Balancing Screen Time During the Summer
Parenting comes with many challenges – potty training, convincing your child broccoli isn’t poison, and mastering the fine art of the diorama. But by far, one of the most significant challenges parents face is balancing screen time, particularly over the summer break.
We shouldn’t be too critical of our children, after all, how many of us take any chance we get to binge a season of our favorite shows on Netflix or constantly check our social media and email, and had Snapchat and YouTube been around when we were kids, we’d behave much the same way.
Too much of a good thing makes it no longer a good thing, so how do we balance screen time with time in the real world?
Be A Role Model
It’s cliché, but actions do speak louder than words, so if you want your child to spend less time staring at a screen set the example by putting down your phone and setting boundaries like a Device-Free Dinner.
Plan Family Activities
Summer means ample opportunities to get outside and play. Let your imagination run wild – go hiking, swimming, build a tree house or camp in the backyard. If heat and bugs aren’t your thing, try putt-putt, movies, or plan a family game night.
Set Device Free Zones
Just like the idea of a Device-Free Dinner, set rooms or times when screens are off limits. For example, no screens at the table, in the bathroom, or the car unless it’s a road trip.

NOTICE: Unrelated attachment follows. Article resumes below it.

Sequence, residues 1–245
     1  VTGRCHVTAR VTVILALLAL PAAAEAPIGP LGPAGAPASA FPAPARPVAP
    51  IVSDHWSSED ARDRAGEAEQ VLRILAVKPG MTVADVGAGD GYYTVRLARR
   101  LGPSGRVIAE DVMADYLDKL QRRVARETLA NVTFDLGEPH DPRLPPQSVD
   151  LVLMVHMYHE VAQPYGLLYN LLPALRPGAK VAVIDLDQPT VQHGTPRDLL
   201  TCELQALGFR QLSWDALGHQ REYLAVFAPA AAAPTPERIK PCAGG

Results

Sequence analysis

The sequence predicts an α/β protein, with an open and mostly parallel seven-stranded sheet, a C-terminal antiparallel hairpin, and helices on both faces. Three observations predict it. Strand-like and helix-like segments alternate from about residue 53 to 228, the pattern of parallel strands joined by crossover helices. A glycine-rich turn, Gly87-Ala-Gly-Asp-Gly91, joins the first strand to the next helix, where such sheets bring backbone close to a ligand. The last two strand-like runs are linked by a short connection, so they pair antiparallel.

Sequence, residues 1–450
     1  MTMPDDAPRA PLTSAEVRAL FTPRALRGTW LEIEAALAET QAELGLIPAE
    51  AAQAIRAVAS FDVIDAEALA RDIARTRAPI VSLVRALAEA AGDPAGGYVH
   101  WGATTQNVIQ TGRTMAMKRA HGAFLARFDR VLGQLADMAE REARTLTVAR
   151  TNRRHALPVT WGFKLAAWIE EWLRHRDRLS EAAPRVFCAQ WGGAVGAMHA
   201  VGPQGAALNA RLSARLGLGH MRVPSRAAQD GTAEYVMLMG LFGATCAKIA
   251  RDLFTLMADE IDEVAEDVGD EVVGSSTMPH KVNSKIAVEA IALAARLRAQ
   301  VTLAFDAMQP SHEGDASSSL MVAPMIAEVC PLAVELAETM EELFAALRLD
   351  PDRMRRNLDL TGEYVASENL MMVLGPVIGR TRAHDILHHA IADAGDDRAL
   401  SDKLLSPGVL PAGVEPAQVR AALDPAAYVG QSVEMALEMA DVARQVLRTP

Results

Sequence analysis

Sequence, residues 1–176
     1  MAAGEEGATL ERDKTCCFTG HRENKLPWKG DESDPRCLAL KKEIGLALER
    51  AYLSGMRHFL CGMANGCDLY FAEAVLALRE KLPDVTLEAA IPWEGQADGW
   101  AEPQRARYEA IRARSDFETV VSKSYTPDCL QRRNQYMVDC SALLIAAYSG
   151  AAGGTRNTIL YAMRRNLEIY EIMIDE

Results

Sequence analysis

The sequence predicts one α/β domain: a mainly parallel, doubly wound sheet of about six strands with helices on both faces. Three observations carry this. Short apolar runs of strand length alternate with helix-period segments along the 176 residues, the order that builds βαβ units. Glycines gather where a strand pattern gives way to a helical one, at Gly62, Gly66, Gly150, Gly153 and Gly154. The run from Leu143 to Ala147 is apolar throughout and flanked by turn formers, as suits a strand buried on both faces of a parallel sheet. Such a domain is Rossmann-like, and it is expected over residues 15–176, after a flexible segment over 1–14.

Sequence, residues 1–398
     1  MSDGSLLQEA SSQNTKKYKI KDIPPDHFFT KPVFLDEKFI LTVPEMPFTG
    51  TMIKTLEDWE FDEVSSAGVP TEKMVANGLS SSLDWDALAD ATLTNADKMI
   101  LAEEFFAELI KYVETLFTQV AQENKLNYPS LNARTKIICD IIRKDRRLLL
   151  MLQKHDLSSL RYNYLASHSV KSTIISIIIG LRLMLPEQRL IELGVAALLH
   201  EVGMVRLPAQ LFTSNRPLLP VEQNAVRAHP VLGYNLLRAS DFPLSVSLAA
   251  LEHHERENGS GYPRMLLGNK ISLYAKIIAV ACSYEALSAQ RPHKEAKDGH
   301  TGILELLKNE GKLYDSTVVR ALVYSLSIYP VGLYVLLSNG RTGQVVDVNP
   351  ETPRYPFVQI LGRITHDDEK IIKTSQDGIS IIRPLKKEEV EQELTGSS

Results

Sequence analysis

Set a Timer
Let’s face it, going cold turkey is never going to last and your crew will likely mutiny, so a much better plan is to set time limits. You’ll know what works for your family, but set boundaries like no screens before breakfast or after eight pm, or cap their total amount for the day or the week. There are plenty of great apps for Android and iPhone to take the guesswork and prevarication out of the equation.
At the very least, make a rule of one screen at a time. If it’s movie night, no phones or tablets. That may be a harder one for parents than for kids if you’re sitting through Secret Life of Pets for the fourth time, but it’s important to lead by example.
Tracey Dowdy is a freelance writer based just outside Washington DC. After years working for non-profits and charities, she now freelances, edits and researches on subjects ranging from family and education to history and trends in technology. Follow Tracey on Twitter.